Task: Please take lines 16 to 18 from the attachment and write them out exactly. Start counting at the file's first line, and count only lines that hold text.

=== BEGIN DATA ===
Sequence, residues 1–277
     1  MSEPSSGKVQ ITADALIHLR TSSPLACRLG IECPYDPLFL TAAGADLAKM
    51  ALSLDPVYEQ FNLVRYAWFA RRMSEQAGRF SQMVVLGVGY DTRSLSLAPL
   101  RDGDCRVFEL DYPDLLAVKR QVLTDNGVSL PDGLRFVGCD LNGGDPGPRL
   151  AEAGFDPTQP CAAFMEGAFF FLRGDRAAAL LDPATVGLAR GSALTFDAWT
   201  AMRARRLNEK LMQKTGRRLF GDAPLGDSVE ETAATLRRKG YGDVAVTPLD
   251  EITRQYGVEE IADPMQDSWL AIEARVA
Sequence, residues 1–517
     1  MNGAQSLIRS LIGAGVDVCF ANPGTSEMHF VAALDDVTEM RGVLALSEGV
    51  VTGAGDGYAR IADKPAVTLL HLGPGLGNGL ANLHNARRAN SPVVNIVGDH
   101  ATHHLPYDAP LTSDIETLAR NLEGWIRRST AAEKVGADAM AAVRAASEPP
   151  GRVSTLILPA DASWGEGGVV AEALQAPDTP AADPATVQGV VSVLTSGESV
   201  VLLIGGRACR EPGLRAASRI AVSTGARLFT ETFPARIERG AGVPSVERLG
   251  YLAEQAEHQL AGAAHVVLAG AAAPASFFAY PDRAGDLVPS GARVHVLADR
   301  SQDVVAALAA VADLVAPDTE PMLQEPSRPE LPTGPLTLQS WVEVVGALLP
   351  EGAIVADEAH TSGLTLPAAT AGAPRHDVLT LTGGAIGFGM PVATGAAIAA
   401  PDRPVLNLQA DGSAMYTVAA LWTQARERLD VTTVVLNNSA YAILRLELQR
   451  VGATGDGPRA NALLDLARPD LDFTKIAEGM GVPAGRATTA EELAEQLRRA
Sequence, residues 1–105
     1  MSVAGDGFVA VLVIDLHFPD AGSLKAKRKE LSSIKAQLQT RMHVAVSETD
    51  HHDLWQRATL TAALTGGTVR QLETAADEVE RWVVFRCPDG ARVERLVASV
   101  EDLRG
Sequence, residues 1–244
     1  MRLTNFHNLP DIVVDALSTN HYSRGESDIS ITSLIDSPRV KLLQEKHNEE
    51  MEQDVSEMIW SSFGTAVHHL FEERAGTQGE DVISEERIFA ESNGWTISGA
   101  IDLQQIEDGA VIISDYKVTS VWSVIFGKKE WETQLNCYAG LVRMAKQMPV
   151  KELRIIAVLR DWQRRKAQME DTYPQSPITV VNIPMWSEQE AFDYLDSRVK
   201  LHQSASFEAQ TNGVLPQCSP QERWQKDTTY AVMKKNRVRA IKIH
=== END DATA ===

   351  EGAIVADEAH TSGLTLPAAT AGAPRHDVLT LTGGAIGFGM PVATGAAIAA
   401  PDRPVLNLQA DGSAMYTVAA LWTQARERLD VTTVVLNNSA YAILRLELQR
   451  VGATGDGPRA NALLDLARPD LDFTKIAEGM GVPAGRATTA EELAEQLRRA